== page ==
That last is worth picking up on. While SCL’s DM tools are designed to be easy, and introducing or removing monsters is straightforward, by default there’s no fine control with which to truly tailor a module to your mates’ characters and capabilities. It’s broad-strokes easy/medium/hard, with options to slightly buff or debuff enemies once the session’s begun. (More interestingly, the DM can set any creature as friendly in order to help out with harder encounters and there’s even the option to possess a creature and take direct control, Dungeon Keeper style – be it to help or hinder the adventurers. However, if you want to go wade into the Custom Creature Set option, you can assemble a more bespoke set of menaces, with hand-picked powers and levels, as well as appearance. Fear my Purple Mastiff Of Ultimate Purplosity:
It can release a smelly cloud, summon skellingtons and make people feeble, y’know. Even then, there are huge limitations on how many points you can add, plus you can’t create a Creature Set that mixes from different types of enemy: an undead set is an undead set, though at least you can change colours and powers. You can even change allegiance, making it possible to build a friendly army to assist your adventurers against a tougher enemy gang if you so wished.
The possibilities seem to run out rather quickly, however. You can’t custom-build locations as such, but instead pick from prefab sizes and decorations, and a combination of scripting and random generation handles the rest. Easy, yes, but it means nothing feels special – each new dungeon is just one more from the dungeon machine. You can festoon it with text notes and incidental scenery – from furniture to corpses – but I’ve yet to find anything, either official, self-made or from the slowly-populating ranks of player-made modules, which feels especially distinctive.
That said, this is a game that will live and die on the long-term narrative enthusiasm of module-makers, both in written text and in the on-the-fly narration from the DM. I suspect the best is yet to come there, presuming people stick around. In our case, the session involved an inexperienced DM trying to corral two fellow critics who were too dismayed by the lacklustre presentation, humdrum combat and laggy dialogue boxes to give themselves over to RP. Approach it as nothing more than a place to hang out and bash monsters with friends, one of whom is embellishing every sight and every fight with sibilant delight, and it might just about do the job. There are some playful modules to be found in the in-game download menus, and while they couldn’t escape the essential sameiness, there is something to be said for setpiece fights (like the one pictured above) and enthusiastic flavour text everywhere.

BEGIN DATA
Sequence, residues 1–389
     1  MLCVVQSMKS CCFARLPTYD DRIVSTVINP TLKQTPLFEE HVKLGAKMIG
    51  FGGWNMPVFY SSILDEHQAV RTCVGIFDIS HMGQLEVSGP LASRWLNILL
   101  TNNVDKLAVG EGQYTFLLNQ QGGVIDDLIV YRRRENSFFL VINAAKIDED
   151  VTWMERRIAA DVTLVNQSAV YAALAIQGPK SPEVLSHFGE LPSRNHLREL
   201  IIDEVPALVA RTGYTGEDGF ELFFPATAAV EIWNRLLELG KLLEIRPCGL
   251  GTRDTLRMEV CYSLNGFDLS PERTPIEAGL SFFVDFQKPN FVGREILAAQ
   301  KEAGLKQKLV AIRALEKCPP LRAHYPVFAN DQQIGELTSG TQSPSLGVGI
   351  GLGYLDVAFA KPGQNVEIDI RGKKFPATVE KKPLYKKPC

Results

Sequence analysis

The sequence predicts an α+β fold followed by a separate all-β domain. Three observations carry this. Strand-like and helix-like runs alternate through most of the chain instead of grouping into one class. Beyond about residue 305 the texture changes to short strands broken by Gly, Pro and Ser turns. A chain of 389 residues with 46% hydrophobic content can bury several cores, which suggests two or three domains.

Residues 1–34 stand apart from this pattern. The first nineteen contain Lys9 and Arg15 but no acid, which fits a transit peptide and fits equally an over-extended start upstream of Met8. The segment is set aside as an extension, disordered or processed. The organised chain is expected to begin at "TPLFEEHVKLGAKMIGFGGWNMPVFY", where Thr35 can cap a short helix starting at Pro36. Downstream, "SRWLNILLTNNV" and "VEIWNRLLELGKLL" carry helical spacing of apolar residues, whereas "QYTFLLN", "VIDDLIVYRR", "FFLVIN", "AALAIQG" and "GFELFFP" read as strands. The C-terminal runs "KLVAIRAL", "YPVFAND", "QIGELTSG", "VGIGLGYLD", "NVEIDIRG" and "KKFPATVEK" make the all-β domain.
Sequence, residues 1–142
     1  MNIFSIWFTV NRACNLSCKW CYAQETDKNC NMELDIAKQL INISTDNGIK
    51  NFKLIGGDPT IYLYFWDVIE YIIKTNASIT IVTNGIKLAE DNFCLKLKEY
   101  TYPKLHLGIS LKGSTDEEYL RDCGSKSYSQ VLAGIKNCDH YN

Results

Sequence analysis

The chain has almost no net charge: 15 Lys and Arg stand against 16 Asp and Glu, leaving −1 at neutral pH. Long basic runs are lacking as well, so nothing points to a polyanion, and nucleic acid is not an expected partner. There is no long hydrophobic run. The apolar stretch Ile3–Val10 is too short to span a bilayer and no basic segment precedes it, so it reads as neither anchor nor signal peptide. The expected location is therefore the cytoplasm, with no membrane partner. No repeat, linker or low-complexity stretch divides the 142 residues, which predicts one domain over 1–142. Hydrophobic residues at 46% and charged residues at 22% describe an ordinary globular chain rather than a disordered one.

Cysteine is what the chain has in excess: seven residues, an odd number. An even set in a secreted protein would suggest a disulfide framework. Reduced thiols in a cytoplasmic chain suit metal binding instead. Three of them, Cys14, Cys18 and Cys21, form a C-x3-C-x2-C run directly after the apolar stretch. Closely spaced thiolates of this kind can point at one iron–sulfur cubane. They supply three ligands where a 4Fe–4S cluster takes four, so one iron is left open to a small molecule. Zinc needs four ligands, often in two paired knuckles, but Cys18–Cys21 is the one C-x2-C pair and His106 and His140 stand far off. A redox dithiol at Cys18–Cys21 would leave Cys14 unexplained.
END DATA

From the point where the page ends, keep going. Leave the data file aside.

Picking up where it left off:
Some fairly rapid patching is needed, however. For instance, all three RPSers who played suffered from the game trying to play in a window, which necessitated a manual alt-enter intervention as the Fullscreen button in settings does nothing, but even that wouldn’t work all the time. The Invite button in multiplayer was similarly non-functional: we got around by joining each other’s games via the Steam interface.
Meanwhile, alt-tab does bad things, it’s taxing my system more than a game which looks like this could possibly justify, and spiking lag laid multiplayer sessions low, with NPCs not offering up their dialogue boxes until several seconds after repeated clicking. Even playing solo, I had dialogue boxes act up all over the place. SCL certainly isn’t in a disastrous state, but it does feel rickety right now. On the plus side, drop in/drop out multiplayer worked well, and no-one needed to do any further fiddling to jump into a game. Same’s true of playing with randoms. Clearly it’s a very different experience from playing with your mates, but finding and joining sessions was perfectly straightforward.
It’s definitely best to think of Sword Coast Legends not as Dungeons & Dragons (let alone AD&D) and more as a sort of low-key DIY Diablo. Even then, the core combat is too forgettable, and the DM mode too limited, to make a solid case for playing this instead of co-op Diablo or Torchlight or Titan Quest or Path of Exile if monster-bothering with chums is what you’re after. It’s not impossible that later updates will make fighting feel less underwhelming or expand the potential of dungeon-building, but I wouldn’t want to bet on it.
It’s absolutely true to say that you get out of Sword Coast Legends what you put in, but right now there just aren’t enough reasons to put much in.
Sword Coast Legends is out now for Windows, Max and Linux.